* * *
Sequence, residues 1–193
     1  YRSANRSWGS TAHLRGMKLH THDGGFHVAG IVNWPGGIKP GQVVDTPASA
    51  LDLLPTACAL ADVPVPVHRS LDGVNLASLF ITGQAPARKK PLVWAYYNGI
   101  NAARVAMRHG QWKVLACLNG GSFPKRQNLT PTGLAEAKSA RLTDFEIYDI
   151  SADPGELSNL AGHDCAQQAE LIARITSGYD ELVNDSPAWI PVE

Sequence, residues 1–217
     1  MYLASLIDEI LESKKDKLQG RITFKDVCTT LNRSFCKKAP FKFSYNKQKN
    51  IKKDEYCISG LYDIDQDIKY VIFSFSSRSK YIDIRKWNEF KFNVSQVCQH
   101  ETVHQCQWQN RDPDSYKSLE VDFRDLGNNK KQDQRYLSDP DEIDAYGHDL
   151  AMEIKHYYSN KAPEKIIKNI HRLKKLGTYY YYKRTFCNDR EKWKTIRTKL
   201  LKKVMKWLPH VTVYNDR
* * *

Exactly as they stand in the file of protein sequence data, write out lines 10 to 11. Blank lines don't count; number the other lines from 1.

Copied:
   151  AMEIKHYYSN KAPEKIIKNI HRLKKLGTYY YYKRTFCNDR EKWKTIRTKL
   201  LKKVMKWLPH VTVYNDR